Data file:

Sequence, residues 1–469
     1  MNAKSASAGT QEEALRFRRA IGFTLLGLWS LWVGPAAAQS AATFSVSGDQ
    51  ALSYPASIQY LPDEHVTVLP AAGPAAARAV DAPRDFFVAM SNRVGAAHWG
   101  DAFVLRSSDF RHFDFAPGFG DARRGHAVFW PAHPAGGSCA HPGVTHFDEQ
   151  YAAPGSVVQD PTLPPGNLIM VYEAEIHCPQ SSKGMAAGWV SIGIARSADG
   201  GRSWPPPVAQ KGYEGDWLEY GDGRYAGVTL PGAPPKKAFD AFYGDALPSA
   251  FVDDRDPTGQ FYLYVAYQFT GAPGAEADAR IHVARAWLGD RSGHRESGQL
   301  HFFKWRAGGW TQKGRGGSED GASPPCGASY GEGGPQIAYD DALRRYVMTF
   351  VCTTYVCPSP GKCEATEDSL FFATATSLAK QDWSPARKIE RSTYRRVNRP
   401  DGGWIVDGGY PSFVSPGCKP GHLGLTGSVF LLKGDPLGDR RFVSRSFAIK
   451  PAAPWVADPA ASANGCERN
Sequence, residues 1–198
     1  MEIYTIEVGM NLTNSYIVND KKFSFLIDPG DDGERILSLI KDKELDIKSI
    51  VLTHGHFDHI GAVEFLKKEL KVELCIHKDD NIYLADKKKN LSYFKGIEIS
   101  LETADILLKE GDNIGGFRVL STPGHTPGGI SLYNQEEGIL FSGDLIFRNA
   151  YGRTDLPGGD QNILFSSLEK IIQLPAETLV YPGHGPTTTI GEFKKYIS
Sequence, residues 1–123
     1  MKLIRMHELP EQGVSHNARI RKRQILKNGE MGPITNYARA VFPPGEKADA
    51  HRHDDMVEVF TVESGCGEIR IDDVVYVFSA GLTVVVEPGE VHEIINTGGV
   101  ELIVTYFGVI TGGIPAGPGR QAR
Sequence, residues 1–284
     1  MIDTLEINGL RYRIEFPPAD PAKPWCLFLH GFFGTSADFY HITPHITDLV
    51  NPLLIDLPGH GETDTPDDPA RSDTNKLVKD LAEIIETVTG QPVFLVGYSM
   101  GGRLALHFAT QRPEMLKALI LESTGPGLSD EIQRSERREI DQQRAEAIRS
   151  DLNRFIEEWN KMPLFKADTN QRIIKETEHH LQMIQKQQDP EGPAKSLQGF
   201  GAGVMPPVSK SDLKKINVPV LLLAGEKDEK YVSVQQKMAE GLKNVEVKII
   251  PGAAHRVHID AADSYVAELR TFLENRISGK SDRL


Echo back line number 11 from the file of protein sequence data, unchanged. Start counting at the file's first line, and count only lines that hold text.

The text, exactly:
   451  PAAPWVADPA ASANGCERN